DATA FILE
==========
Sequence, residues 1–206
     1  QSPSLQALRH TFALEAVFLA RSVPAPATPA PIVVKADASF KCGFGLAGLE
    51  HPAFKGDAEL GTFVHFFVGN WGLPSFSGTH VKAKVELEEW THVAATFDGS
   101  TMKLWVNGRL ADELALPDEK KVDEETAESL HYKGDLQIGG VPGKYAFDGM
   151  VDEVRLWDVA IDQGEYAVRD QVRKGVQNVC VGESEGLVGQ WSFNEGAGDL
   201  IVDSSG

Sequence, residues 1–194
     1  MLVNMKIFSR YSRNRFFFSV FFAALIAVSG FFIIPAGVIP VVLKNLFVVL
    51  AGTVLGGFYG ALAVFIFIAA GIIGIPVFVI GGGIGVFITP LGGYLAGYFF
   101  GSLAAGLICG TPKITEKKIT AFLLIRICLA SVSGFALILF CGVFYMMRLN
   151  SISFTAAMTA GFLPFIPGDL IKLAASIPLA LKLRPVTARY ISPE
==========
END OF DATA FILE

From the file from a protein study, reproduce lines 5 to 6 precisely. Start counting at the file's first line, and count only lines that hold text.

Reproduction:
   151  VDEVRLWDVA IDQGEYAVRD QVRKGVQNVC VGESEGLVGQ WSFNEGAGDL
   201  IVDSSG